Antero Alli’s Towards an Archaeology of the Soul is not an easy book to read, and this is perhaps best explained by the book’s subtitle: A Paratheatrical Workbook. Every page of this book asks you to get up and do, which can be quite a challenge to take sitting down.
Inspired by the groundbreaking laboratory theatre approach of Jerzy Grotowski, Alli set out to create a non-dogmatic, theatrical approach to sacred ritual. For more than two decades, Alli researched and developed a series of tools and techniques for unlocking, confronting, and embodying archetypal forces at play within the self. The first incarnation of this book, All Rites Reversed?!, was a slim metaprogrammers’ handbook; this greatly expanded new version encompasses much more of the aesthetic, artistic currents that drive the work. Theatre is the broad context, a place where the willing suspension of disbelief allows the actor — in this case, the ritual participant — to travel across time, space, and aethyr, returning regularly to what Alli calls No-Form (the actor off stage/the absence of self) to begin again anew.
The exercises within the book span forms of initiation, “shadow work,” and distillations toward performance-worthy forms. One exercise leads you through death and rebirth; another leads you into hell and back again; and several immerse you in emotional extremes, or polarizations. “With enough discipline, talent, and emotional honesty,” Alli writes, “one can begin extracting from internal source material universal symbols, myths, and characters towards artwork and performances that elicit visceral and spiritual resonances in the audience. This is the experiment, the process and the goal.”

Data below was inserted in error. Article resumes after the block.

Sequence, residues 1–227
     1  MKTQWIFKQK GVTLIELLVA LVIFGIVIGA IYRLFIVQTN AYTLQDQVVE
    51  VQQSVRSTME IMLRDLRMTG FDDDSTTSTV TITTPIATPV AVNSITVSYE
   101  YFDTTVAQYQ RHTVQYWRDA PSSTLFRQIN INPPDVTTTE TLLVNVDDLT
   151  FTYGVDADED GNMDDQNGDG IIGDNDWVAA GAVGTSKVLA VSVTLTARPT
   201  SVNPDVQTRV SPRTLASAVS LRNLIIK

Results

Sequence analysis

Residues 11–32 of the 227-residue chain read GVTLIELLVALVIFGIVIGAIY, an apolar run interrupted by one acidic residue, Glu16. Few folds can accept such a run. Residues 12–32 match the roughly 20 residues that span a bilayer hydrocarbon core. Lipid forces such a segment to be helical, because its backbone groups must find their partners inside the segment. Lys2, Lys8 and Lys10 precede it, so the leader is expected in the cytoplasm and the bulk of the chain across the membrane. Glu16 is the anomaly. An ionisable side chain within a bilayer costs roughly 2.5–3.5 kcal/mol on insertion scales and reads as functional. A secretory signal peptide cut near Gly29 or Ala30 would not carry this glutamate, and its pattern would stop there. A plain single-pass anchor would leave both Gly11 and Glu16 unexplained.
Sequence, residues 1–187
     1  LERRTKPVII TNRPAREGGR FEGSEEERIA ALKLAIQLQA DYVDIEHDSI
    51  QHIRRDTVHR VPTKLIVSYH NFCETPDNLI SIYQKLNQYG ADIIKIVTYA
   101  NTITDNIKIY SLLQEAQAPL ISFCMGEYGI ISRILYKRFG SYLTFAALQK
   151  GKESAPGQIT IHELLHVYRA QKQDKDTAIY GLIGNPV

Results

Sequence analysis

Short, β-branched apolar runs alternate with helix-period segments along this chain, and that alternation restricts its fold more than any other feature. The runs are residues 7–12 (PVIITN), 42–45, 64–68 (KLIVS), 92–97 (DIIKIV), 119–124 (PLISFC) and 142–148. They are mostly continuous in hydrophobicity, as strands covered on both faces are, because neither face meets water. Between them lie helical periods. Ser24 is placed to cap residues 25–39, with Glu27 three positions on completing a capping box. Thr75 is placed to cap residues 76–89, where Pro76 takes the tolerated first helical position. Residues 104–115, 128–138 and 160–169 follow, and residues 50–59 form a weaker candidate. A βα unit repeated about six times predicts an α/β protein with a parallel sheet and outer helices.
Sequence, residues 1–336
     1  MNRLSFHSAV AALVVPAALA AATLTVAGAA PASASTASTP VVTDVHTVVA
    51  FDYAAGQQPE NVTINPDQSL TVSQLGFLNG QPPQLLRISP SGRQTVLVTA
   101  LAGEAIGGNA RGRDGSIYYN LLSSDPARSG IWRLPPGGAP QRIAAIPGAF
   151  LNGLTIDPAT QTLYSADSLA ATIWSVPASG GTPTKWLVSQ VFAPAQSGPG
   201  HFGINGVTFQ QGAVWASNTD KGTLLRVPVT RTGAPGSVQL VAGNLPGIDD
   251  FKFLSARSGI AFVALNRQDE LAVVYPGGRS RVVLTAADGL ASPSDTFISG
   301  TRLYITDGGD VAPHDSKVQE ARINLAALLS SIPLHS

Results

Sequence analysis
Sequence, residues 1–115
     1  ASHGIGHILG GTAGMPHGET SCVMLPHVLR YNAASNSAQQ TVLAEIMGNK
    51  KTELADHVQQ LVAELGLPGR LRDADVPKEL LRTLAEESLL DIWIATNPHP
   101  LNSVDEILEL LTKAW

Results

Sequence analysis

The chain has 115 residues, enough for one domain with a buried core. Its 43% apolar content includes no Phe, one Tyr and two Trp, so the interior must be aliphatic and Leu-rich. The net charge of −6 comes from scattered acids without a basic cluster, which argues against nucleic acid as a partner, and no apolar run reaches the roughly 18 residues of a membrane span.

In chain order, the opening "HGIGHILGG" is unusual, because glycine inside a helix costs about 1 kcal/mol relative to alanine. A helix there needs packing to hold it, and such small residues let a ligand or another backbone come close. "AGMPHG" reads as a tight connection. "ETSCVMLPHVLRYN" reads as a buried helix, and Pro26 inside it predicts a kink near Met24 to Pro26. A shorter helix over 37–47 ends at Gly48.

Throughout the years, Alli has led both performers and non-performers through paratheatrical lab sessions. “I’ve noticed that ritual labs containing mostly performing artists invariably raise the performance standards of this work,” he writes, “just as those labs containing mostly non-performers tend to deepen its spirituality.” This dichotomy characterizes the main challenge of the book: practiced artists may find the deliberate vagaries of Alli’s “just go do and see what happens” approach to be lacking in specifics, while non-artists may find the prospect of facing, and playing with, such archetypes as Death, Saviour, and Nightmare to be intimidating or bewildering. But Alli is not particularly interested in making you comfortable; quite the contrary, he is asking you to step onto a sacred-unto-itself ritual stage and take the risks inherent in being truly present in that environment.
The book is a very dry read, similar to how a book on music theory gives only the slightest hint that something potentially beautiful is being described. I can offer you this anecdotal evidence: I took a six-hour introductory workshop from Alli and experienced several of the ritual exercises described in this book first hand. As an actor, I felt challenged, often compelled, occasionally bored, and more than once, quite moved. Alli was there to remind us that we would only get out of it what we put into it, a maxim true of most things in life of course, and certainly true here. Afterward, it was clear to me that these exercises would have practical application in my life as an artist; I’ll have to take his word that these tools are useful beyond the scope of the performing arts as well.
By now, you probably know if you’re the target audience for this work, and this workbook. I once asked Alli in an interview if he thought that the use of psychedelics had an overt role in paratheatrical ritual work. He replied, “I personally would not recommend mixing these levels at the same time and place. A powerful ritual, if approached with enough self-discipline, honesty and clarity of intent is trigger enough for parting the veils.”
And that, as they say, is up to you.
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